By its very nature, Ethernet over DWDM can support a myriad of applications in enterprise metro networks. However, two deployment scenarios in particular highlight the inherent value of this technology: consolidation of network attached storage (NAS) and 10-Gigabit Ethernet (10-GbE) connectivity.
Consolidation of network attached storage
Today, many enterprises are migrating from a costly, inefficient server attached storage model to the more scalable, manageable networked storage model. One reason for its popularity is that most NAS systems, or filers, run over Ethernet/IP networks. In fact, NAS has led the way for the mainstream deployment of IP-based storage consolidation and file sharing, making it the first true IP storage technology. NAS is popular in a large number of environments, including collaborative development, engineering, e-mail, Web, and general file serving.
In and of itself, NAS is a decentralized storage networking technique, with filers dispersed throughout the enterprise in a standard deployment. To maximize the utilization of the available storage and sharing of resources among different deployments within the enterprise, a networking technology is required as a consolidation point.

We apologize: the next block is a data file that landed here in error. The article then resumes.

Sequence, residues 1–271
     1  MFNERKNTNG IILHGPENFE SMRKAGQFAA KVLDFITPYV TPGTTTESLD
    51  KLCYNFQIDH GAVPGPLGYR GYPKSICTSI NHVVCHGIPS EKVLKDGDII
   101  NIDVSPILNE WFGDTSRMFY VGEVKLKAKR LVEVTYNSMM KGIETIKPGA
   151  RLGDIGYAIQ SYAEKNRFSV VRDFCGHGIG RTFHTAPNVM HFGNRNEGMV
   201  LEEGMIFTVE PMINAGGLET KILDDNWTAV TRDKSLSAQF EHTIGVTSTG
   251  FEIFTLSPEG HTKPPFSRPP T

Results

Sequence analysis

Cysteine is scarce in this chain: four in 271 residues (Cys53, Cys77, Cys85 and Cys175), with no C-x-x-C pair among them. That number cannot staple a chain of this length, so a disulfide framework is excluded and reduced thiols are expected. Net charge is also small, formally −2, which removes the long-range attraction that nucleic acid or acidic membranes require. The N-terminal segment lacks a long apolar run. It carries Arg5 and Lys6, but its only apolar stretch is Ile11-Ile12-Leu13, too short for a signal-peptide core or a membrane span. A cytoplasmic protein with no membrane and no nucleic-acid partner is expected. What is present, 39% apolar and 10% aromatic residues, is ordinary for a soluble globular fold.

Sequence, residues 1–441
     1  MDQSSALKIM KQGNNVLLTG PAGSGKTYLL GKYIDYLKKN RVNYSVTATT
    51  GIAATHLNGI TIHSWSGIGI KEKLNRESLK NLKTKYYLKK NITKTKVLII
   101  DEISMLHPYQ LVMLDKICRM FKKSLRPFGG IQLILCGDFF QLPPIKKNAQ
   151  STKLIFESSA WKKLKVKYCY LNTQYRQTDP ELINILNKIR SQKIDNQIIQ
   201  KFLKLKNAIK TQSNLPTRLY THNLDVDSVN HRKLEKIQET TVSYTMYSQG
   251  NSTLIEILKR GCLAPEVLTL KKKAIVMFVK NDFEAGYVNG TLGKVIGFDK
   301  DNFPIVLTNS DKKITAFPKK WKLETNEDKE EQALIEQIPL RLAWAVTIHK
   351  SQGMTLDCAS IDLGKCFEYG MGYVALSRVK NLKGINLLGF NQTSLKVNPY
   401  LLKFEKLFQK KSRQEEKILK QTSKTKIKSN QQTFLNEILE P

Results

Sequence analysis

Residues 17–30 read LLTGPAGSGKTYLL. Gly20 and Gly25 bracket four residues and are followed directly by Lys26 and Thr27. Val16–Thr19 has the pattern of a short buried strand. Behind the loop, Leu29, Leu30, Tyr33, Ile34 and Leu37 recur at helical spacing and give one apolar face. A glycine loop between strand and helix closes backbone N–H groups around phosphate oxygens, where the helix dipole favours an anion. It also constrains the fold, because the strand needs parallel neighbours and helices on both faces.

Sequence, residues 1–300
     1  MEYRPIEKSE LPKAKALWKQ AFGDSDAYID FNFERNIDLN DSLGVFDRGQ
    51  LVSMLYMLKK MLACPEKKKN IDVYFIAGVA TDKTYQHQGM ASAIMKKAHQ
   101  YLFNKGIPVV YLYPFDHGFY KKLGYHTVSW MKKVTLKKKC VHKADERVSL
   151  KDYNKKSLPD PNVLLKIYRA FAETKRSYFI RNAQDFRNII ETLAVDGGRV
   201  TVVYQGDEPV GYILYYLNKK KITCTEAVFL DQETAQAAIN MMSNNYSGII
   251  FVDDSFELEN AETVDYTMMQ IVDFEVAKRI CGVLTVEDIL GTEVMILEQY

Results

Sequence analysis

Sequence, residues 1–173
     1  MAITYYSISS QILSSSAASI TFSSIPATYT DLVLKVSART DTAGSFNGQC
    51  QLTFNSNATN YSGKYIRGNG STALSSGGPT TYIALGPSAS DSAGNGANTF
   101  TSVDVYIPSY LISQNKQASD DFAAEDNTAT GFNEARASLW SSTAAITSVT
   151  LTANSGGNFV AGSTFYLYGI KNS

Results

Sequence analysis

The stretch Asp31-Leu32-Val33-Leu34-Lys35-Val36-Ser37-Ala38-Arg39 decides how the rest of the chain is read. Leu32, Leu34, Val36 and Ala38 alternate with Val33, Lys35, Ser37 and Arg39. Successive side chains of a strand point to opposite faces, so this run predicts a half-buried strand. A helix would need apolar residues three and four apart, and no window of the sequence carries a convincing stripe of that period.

As Figure 1 illustrates, DWDM is an ideal solution for interconnecting multiple NAS-enabled sites within the MAN. Delivering 32 wavelengths or more per fiber pair, DWDM can assign individual wavelengths for each high-bandwidth application. This capability allows bandwidth to be allocated and prioritized across wavelengths to ensure quality of service (QoS) for critical applications such as backup and recovery.
With more than 300 million switched Ethernet ports already installed worldwide, the wide adoption of 10-GbE is practically a foregone conclusion. Information technology managers deploying 10-GbE will have several key advantages from the start, including investment protection in the installed equipment, network management and analysis tools, and expertise or familiarity with the technology.
These benefits make 10-GbE a very cost-effective way to build 10-Gbit/sec links within the enterprise. The primary reason for this affordability is the design philosophy of the Ethernet industry, which assumes high-volume manufacturing and low-cost design. A design goal adopted by the IEEE task force is the development of 10-GbE interfaces that offer 10 times the performance at three to four times the cost of the previous generation of Ethernet.
Transporting Ethernet-based 10-Gbit/sec links using DWDM equipment will be a natural fit when 10-Gbit/sec per wavelength transport becomes the industry standard. Access to 10-GbE services over DWDM will enable high-end data-networking applications such as serverless buildings and storage applications such as remote backup and disaster recovery.
Indeed, the very low latency and high bandwidth offered by the combination of DWDM and 10-GbE satisfies the mission-critical business requirements of these applications. In short, the availability of ample bandwidth and the protocol independence of DWDM allow for GbE, 10-GbE, and other services to flow at full throughput.